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Fire Lugar 2012

Richard Lugar says Indiana Tea Partiers are NOT Hoosiers!

What do you do when you’re in a hole?  I guess for Richard Lugar, the answer is “grab a bigger shovel.”

From Wrap Your Head Around:

Excuse me, Senator Lugar?  Besides last night at the Republican Establishment dinner, when are you ever seen in Indiana?  I rarely ever leave the state myself—but, according to your logic, I’m not a Hoosier. Hmm.

More from Mitch’s Book: Corruption in Dick Lugar’s Indianapolis City Hall in 1970

From HoosierAccess:

There are plenty of interesting things in Mitch’s new book, Keeping the Republic.

(You can read my review of it here; I highly recommend reading it.)

In one passage of the book, Mitch talks about the evils of public sector unions and his decision to issue an executive order in Indiana shortly after he took office that curtailed mandatory provisions instituted by the Bayh administration years early.

He likened today’s mandatory union dues paid by public sector workers (which then go toward union-backed political candidates) to a scene he witnessed in the Indianapolis mayor’s office in the early 1970s:

In Indiana the old patronage system lasted longer than almost anywhere, well into the 1980s. As a young City Hall intern in 1970, I recall watching the cigar box being passed around in local government offices so employees could maintain their membership in the “2 Percent Club” by “voluntarily” donating 2 percent of their meager pay to whichever party was in power, thereby maintaining their jobs.

Mitch does not mention the name of Indianapolis’ mayor back in those days.

This keeps with his policy in the book of not naming names when he tells stories and relates anecdotes about Indiana. (As I noted in my review, the only Hoosier Republican mentioned by name in the entire book is Richard Mourdock, in the very positive context of supporting Mourdock’s effort to oppose Obama’s bailout of Chrysler and screwing of Indiana public pension funds.)

In 1970, the mayor of Indianapolis was Dick Lugar (Richard Nixon’s favorite mayor, back in those days). So we now know that in Dick Lugar’s City Hall, employees were required to make campaign contributions to keep their jobs.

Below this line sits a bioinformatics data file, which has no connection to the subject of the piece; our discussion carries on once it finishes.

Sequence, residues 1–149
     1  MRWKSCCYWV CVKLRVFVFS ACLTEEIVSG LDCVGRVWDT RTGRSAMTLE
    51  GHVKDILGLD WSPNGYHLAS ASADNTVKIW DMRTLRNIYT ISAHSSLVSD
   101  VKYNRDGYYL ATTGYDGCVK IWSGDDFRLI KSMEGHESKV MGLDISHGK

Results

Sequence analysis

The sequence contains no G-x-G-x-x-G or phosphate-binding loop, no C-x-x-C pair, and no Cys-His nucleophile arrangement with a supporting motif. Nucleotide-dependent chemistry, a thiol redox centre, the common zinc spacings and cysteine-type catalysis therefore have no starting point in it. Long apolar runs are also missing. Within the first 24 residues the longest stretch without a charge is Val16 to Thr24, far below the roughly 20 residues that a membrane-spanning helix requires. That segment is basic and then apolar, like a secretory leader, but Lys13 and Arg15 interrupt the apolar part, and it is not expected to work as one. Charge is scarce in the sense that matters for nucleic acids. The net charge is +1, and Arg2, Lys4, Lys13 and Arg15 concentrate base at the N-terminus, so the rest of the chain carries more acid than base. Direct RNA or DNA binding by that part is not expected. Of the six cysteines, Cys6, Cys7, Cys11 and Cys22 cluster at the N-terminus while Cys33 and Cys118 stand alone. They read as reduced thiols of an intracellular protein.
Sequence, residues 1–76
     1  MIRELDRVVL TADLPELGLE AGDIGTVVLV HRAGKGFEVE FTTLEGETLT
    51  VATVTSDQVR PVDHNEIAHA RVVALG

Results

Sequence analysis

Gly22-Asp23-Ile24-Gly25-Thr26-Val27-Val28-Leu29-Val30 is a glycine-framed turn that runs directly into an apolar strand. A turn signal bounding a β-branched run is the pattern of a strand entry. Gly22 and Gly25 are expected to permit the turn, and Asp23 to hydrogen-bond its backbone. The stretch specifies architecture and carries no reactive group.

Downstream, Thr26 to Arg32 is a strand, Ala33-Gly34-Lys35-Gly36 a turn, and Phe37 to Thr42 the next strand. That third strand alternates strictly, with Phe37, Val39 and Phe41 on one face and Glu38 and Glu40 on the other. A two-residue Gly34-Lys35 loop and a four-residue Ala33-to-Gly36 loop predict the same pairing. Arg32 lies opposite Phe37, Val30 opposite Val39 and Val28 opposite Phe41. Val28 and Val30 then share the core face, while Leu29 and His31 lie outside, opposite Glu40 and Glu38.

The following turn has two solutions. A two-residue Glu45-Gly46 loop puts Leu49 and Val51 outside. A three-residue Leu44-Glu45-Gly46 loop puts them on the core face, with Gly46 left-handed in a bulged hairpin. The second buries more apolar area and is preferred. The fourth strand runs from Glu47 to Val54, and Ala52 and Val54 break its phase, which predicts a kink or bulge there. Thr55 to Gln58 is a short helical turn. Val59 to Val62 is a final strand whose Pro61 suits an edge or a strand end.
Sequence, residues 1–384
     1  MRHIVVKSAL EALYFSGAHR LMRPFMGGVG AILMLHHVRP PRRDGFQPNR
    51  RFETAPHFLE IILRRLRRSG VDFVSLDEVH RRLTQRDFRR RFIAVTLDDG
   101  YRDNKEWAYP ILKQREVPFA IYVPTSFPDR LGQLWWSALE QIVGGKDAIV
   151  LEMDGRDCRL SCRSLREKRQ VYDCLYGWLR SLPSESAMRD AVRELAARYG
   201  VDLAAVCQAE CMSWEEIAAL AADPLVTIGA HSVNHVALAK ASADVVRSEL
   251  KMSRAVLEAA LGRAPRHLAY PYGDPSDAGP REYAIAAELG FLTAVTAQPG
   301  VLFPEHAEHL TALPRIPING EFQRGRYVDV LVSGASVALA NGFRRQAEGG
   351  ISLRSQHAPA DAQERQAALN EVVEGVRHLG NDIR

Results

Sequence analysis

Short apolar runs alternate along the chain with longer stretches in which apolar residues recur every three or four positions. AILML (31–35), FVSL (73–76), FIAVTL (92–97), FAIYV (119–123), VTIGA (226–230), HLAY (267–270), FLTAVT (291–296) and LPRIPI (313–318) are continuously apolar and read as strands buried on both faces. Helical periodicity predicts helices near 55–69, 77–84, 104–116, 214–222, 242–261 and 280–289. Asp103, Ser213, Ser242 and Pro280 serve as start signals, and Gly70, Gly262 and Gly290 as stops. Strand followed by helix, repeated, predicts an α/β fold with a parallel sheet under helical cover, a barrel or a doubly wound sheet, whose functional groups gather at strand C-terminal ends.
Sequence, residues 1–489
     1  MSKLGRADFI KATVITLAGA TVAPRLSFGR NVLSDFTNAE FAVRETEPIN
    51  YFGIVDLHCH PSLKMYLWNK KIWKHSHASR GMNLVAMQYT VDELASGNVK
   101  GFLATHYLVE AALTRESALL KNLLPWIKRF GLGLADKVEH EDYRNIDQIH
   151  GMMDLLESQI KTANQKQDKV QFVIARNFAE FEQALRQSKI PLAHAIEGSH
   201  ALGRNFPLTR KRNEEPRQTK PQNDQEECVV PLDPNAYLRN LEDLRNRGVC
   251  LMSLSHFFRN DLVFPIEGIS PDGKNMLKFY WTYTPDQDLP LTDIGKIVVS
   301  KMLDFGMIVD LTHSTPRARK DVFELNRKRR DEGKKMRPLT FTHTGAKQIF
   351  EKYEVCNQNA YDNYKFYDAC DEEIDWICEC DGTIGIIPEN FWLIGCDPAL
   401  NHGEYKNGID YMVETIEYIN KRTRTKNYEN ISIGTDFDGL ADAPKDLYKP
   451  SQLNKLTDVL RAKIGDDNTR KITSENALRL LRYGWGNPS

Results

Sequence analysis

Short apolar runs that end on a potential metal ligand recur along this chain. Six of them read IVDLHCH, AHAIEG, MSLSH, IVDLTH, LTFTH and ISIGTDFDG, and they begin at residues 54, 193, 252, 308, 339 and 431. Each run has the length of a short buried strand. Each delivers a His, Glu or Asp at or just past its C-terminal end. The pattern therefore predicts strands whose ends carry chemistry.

Read the rest at HoosierAccess.

RNC Chief Vows Neutrality in Senate Primary

From HoosierAccess:

Nobody wants to stick up for Dick Lugar, it seems. The national Republican Party has bigger fish to fry (like beating Obama) than to earn the anger of the conservative grassroots by wasting money trying to keep Dick Lugar in office for a seventh term.


The Republican national chairman is staying out of the primary between Indiana Senator Richard Lugar and state Treasurer Richard Mourdock.

“I happen to believe that primaries are good,” says RNC Chairman Reince Priebus. “I think having a diverse field is great. It’s all the earned media, it’s communicating what we need to do to get our country back on track.”

Some Republicans have grumbled they cost themselves a shot at controlling the Senate last year by nominating insurgents over more experienced candidates in Delaware, Nevada and Colorado.

Priebus was Wisconsin state chairman before unseating national chairman Michael Steele earlier this year. He says hard-fought primaries won by Scott Walker and Ron Johnson for the nominations for governor and senator helped fuel their victories in November.

Priebus says the Lugar-Mourdock winner, as well as the winner of the upcoming presidential primaries, will similarly benefit from the exposure gained by having to battle for the nomination.

I happen to subscribe to a similar view as Priebus when it comes to primaries. Competition and the free market isn’t just for the private sector; it’s good to have this sort of competition in the political sphere as well.

Lugargeddon: Mark Levin, Herman Cain, More Mourdock Endorsements Roll In

From HoosierAccess:

Richard Mourdock’s been having a good couple of weeks.

First, a poll from the Club for Growth showed Mourdock ahead of Lugar, 34% to 32%.

Then Lugar rushed out his own poll trying to make things look better, saying that the race was actually Lugar leading Mourdock,45 % to 31%.

Reassuring? Not so much, particularly when the incumbent has 100% name ID, is supposedly beloved, and is actually considerably worse off than Marco Rubio was against Charlie Crist at this point in that race in 2009. Back then, Crist was leading Rubio two-to-one.

The poll was so bad for Lugar that the Mourdock folks had to be happy with the numbers. I suspect that the Lugar people can’t be happy with the results; they had just spent over a hundred thousand dollars on TV ads to bolster their numbers and that was the best they could do.

The entire narrative of their campaign, based on a false perception of invincibility, was destroyed by their own poll. The emperor truly has no clothes.

If Lugar was as beloved and invincible as his campaign has so long contended, he would not be below 50% in race where he has near-universal name ID. No incumbent in such a situation is in a good situation for reelection. For someone to be undecided about Dick Lugar is for someone to not want to reelect him but to not know enough about his challenger (a problem that will be solved soon enough).